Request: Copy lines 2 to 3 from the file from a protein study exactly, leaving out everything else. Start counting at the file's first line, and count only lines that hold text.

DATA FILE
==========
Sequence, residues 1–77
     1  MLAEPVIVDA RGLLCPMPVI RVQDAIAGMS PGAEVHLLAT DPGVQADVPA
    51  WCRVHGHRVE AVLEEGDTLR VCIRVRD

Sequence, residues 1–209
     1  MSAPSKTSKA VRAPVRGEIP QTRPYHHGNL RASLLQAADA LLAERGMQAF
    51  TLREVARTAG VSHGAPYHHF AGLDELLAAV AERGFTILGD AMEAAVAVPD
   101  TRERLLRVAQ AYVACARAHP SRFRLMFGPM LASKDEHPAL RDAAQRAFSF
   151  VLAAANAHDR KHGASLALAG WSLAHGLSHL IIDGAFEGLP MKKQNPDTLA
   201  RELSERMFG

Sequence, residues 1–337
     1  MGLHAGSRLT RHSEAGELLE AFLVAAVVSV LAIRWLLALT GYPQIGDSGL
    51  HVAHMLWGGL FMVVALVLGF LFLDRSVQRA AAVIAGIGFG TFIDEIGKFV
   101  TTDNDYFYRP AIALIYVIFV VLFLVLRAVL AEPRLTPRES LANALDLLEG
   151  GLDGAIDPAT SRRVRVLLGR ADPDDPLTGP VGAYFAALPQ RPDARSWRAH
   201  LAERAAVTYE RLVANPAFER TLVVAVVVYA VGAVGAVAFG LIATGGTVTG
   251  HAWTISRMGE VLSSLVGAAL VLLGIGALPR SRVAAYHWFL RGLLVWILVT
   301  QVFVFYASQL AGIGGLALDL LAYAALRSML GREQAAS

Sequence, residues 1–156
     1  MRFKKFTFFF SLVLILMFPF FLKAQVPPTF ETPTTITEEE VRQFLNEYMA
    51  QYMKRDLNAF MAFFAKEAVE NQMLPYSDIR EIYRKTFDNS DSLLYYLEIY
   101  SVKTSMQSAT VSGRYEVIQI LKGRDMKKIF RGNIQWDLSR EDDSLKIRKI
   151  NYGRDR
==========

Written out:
     1  MLAEPVIVDA RGLLCPMPVI RVQDAIAGMS PGAEVHLLAT DPGVQADVPA
    51  WCRVHGHRVE AVLEEGDTLR VCIRVRD